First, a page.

Setting the Bar by Grace Watson

Dear Sister, thanks for setting the bar.

Literally. You are the first to go to college, learned two languages; kind of.

You are loud, but that is what makes you who you are.

You never shut up; I am not saying that it is a bad thing, but your kids are going to love story time.

You are very opinionated, but your opinions are always backed up with facts.

You try to make people see the way you do. That could seem annoying to people who don’t know you, but to the people who do love you for it.

By setting the bar high, you have made it possible for yourself to become an attorney at law.

You take risks that puts you in harm’s way, like posting your opinion on Facebook.

You justified your actions by making sure they matter for something and that’s cool.

Throughout high school, you continue to show your worth, National Honors Society, sports, and extracurricular activities, like Teen Court,

which I am guessing is where you became enamored with the law and justice,

even if one of your cases was someone stealing a piece a gum, and deciding how much community service he deserved.

Continue making something of yourself; you are almost there.

Teen Court

While my sister was still attending Berkeley Springs High School, she nourished her ever-growing social life through bogus activities that look good on a college application; such as, Teen Court. Teen Court is something Morgan County offers its students from ninth to twelfth grade. My own sister was a dedicated pupil of this establishment, where they meet every Thursday night to prosecute teenagers who have done wrong

At West Virginia University, my sister, Franny changed. She now goes by her maiden name, Janet, even though she has been Franny since birth. College may have changed her outlook on life or open more doors that allow her to became who she wants to be, a lawyer. However the one thing that didn’t change was her ever-growing social life,  just recently she went night fishing with a guy who drives a Chevy. Her social life was supplemented by attending the regular Thursday meetings, either because she liked it or it looked good on a college application. It doesn’t matter.

Since I was only in middle school, my life was directed by my Mom. So when the time came to pick her up; I was forced to go too. As per usual, we get there early and having to wait for what felt like hours for my sister to come out, I began to move around the car, which resulted in me seating in the back seat, looking out the rear window and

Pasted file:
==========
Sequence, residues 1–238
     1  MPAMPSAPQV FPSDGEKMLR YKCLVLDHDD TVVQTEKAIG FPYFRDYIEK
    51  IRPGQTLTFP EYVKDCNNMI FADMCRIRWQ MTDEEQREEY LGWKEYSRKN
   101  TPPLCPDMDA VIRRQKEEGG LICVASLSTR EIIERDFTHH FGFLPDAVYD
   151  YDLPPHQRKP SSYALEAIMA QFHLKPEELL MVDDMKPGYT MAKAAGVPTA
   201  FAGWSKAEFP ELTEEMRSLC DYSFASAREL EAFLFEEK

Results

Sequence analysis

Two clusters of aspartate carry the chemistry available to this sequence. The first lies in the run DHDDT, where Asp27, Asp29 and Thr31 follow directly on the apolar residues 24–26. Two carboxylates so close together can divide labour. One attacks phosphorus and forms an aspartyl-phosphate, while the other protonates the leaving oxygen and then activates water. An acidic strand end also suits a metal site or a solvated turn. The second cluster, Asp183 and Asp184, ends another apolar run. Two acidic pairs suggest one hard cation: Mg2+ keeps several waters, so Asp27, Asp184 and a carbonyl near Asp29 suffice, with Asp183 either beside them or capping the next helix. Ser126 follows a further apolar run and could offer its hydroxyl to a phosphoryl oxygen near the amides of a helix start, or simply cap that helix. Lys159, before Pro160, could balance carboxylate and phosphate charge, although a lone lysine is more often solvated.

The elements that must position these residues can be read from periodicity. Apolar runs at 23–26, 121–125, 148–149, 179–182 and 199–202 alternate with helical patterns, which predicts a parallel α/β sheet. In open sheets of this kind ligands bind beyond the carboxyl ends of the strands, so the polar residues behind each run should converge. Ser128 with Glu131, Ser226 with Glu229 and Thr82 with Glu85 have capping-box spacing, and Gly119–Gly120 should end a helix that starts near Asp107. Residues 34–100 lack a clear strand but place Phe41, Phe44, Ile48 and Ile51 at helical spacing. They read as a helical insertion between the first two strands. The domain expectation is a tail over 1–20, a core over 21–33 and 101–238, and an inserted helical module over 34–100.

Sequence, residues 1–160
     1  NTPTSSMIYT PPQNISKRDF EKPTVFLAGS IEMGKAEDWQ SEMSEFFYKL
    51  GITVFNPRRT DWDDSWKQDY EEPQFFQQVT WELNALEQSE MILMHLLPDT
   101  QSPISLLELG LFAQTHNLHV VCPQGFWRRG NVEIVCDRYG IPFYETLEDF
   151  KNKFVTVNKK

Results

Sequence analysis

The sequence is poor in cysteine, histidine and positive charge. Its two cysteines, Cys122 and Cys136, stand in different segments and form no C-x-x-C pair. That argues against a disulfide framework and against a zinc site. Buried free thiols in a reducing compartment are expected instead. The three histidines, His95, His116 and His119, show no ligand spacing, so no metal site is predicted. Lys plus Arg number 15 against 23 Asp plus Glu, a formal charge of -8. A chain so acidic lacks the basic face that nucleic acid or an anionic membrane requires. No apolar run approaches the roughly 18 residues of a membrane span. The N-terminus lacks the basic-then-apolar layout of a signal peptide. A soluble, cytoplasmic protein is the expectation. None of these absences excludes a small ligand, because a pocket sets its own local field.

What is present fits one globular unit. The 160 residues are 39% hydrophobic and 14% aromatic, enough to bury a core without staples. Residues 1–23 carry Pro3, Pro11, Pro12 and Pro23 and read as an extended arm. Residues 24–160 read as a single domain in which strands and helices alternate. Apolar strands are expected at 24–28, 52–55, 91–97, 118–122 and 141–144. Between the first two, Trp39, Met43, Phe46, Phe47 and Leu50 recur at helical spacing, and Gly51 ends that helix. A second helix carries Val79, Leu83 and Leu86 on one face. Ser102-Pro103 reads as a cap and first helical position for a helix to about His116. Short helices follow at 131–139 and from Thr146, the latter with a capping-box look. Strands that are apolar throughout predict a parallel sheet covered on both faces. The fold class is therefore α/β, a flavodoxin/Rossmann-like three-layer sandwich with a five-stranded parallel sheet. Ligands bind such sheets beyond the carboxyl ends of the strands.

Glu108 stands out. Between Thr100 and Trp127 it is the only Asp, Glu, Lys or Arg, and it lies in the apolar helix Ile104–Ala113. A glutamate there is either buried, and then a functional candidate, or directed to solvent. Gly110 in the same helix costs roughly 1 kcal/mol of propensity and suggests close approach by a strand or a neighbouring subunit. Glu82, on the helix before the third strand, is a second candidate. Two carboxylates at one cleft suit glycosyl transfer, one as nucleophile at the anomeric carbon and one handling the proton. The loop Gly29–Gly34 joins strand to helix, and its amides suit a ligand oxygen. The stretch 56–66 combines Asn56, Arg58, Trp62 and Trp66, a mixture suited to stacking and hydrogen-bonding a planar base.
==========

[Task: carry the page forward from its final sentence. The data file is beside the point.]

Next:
asking Mom, “how much longer,” every five minutes. My sister appeared saving Mom from answering my question.

Since we were on the other side of the road, she must not have seen my death stare through the tinted rear window because she proceeded to have a conversation.

“No, that is not true” My sister backhanding her own hand, but before she could make a valid point the guy interrupted her

“Why? Because you are a feminist.”

“Besides that, we as teen court attorneys are obligated to in the best interest of our clients to give them a fair trail, no matter our own opinions of their crimes.”

Her ever present Italian-talking hands began to clap to emphasize her point . She became too close to the guy’s face, I realizing that she would be a violent attorney. I noticed that she continued to talk to this guy, even though I was mentally burning a hole into the rear window with my death stare.  I decided to proceed from the backseat to the front seat; never mind the fact that she could make a valid argument for why she should get the front seat. I decided to take the risk of losing my hearing for a few seconds due to her clapping and buckled up.

Her conversation with the guy finally ended, when she saw our car with the hole in the rear window that was oozing molten skulls. I think that is what happens when you burn a window with a very strong death stare. She; however, proceeded to turn around and make one last scathing remark to the guy, and carefully made her way across the street, she probably picturing herself in crowded New York on her way to your firm. I don’t know where she wants to work.

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